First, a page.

NIACIN- niacin tablet, extended release
Therapy with lipid-altering agents should be only one component of multiple risk factor intervention in individuals at significantly increased risk for atherosclerotic vascular disease due to hyperlipidemia. Niacin therapy is indicated as an adjunct to diet when the response to a diet restricted in saturated fat and cholesterol and other nonpharmacologic measures alone has been inadequate.
- Niacin extended-release tablets are indicated to reduce elevated TC, LDL-C, Apo B and TG levels, and to increase HDL-C in patients with primary hyperlipidemia and mixed dyslipidemia.
- In patients with a history of myocardial infarction and hyperlipidemia, niacin is indicated to reduce the risk of recurrent nonfatal myocardial infarction.
- In patients with a history of coronary artery disease (CAD) and hyperlipidemia, niacin, in combination with a bile acid binding resin, is indicated to slow progression or promote regression of atherosclerotic disease.
- Niacin extended-release tablets in combination with a bile acid binding resin is indicated to reduce elevated TC and LDL-C levels in adult patients with primary hyperlipidemia.
- Niacin is also indicated as adjunctive therapy for treatment of adult patients with severe hypertriglyceridemia who present a risk of pancreatitis and who do not respond adequately to a determined dietary effort to control them.
Limitations of Use
Addition of niacin extended-release tablets did not reduce cardiovascular morbidity or mortality among patients treated with simvastatin in a large, randomized controlled trial (AIM-HIGH) [see Warnings and Precautions (5.1)] .
Niacin extended-release tablets should be taken at bedtime, after a low-fat snack, and doses should be individualized according to patient response. Therapy with niacin extended-release tablets must be initiated at 500 mg at bedtime in order to reduce the incidence and severity of side effects which may occur during early therapy. The recommended dose escalation is shown in Table 1 below.
Table 1. Recommended Dosing
Niacin Extended-Release Tablets Dosage
1 to 4
1 Niacin Extended-Release Tablet 500 mg at bedtime
5 to 8
1 Niacin Extended-Release Tablet 1000 mg or
2 Niacin Extended-Release Tablets 500 mg at bedtime
3 Niacin Extended-Release Tablets 500 mg at bedtime
2 Niacin Extended-Release Tablets 1000 mg or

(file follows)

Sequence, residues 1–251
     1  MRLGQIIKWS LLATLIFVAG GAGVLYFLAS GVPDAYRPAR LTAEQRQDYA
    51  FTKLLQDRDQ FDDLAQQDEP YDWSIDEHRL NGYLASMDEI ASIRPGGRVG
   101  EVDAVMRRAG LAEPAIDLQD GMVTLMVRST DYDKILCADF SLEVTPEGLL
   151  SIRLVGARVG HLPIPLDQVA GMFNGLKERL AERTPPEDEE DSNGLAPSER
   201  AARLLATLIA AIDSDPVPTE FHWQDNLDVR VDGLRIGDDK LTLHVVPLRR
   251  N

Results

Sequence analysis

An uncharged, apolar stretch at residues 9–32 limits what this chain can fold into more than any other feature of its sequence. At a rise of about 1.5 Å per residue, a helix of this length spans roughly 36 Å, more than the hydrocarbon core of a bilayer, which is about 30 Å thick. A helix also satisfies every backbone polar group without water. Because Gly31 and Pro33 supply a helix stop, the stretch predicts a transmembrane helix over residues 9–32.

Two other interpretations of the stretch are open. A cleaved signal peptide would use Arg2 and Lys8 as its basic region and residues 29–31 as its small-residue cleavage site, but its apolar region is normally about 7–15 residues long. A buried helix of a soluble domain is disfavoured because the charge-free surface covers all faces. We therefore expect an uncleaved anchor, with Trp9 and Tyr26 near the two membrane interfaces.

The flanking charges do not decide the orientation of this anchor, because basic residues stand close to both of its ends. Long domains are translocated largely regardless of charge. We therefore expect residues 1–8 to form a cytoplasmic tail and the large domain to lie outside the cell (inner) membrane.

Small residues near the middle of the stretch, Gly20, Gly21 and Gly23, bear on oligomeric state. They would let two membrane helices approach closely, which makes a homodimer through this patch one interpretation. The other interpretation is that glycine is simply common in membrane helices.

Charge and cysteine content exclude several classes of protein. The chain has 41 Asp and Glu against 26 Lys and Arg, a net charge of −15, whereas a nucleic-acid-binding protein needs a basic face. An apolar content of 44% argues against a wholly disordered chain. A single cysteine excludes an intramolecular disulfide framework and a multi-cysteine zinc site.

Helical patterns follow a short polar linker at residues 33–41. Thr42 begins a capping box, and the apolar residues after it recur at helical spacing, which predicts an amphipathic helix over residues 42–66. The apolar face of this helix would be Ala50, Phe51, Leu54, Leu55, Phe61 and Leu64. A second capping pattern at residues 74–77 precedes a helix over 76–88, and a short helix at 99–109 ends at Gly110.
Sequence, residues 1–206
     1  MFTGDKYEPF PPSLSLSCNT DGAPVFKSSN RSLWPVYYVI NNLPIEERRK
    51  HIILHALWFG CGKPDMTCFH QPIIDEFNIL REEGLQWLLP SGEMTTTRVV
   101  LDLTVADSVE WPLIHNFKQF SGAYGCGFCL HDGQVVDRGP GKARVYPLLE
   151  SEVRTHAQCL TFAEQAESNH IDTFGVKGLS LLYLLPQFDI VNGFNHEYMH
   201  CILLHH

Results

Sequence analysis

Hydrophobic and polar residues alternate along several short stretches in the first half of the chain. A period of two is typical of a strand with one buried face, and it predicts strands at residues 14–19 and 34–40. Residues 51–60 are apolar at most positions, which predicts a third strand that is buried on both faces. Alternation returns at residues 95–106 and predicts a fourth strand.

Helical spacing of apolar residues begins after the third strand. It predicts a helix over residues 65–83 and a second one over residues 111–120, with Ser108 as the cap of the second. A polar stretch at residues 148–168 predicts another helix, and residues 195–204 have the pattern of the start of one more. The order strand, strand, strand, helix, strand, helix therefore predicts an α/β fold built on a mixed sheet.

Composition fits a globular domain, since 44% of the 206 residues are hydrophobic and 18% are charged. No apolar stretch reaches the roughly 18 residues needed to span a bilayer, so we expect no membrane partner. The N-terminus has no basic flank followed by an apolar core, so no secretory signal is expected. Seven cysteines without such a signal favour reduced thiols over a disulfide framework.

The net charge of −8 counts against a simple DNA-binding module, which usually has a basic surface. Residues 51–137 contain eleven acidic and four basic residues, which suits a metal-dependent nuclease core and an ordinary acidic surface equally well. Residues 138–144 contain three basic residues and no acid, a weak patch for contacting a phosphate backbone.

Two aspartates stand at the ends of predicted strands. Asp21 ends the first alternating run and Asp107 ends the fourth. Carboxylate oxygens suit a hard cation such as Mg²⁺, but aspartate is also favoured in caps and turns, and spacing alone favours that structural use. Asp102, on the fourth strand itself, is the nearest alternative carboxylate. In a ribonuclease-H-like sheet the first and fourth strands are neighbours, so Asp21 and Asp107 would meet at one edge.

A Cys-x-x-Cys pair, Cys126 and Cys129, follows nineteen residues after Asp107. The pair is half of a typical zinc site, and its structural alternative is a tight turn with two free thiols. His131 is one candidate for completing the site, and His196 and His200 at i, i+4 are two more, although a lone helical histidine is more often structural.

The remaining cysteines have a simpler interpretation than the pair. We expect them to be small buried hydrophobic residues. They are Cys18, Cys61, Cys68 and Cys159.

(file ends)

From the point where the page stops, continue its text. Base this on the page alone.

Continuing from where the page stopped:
4 Niacin Extended-Release Tablets 500 mg at bedtime
* After Week 8, titrate to patient response and tolerance. If response to 1000 mg daily is inadequate, increase dose to 1500 mg daily; may subsequently increase dose to 2000 mg daily. Daily dose should not be increased more than 500 mg in a 4-week period, and doses above 2000 mg daily are not recommended. Women may respond at lower doses than men.
The daily dosage of niacin extended-release tablets should not be increased by more than 500 mg in any 4–week period. The recommended maintenance dose is 1000 mg (two 500 mg tablets or one 1000 mg tablet) to 2000 mg (two 1000 mg tablets or four 500 mg tablets) once daily at bedtime. Doses greater than 2000 mg daily are not recommended. Women may respond at lower niacin extended-release tablets doses than men [see Clinical Studies (14.2)] .
Single-dose bioavailability studies have demonstrated that two of the 500 mg and one of the 1000 mg tablet strengths are interchangeable but three of the 500 mg and two of the 750 mg tablet strengths are not interchangeable.
Tolerance to flushing develops rapidly over the course of several weeks. Flushing, pruritus, and gastrointestinal distress are also greatly reduced by slowly increasing the dose of niacin and avoiding administration on an empty stomach. Concomitant alcoholic, hot drinks or spicy foods may increase the side effects of flushing and pruritus and should be avoided around the time of niacin extended-release tablets ingestion.
Equivalent doses of niacin extended-release tablets should not be substituted for sustained-release (modified-release, timed-release) niacin preparations or immediate-release (crystalline) niacin [see Warnings and Precautions (5)] . Patients previously receiving other niacin products should be started with the recommended niacin extended-release tablets titration schedule (see Table 1), and the dose should subsequently be individualized based on patient response.
If niacin extended-release tablets therapy is discontinued for an extended period, reinstitution of therapy should include a titration phase (see Table 1).
Niacin extended-release tablets should be taken whole and should not be broken, crushed or chewed before swallowing.
Dosage in Patients with Renal or Hepatic Impairment
Use of niacin extended-release tablets in patients with renal or hepatic impairment has not been studied. Niacin extended-release tablets are contraindicated in patients with significant or unexplained hepatic dysfunction. Niacin extended-release tablets should be used with caution in patients with renal impairment [see Warnings and Precautions (5)] .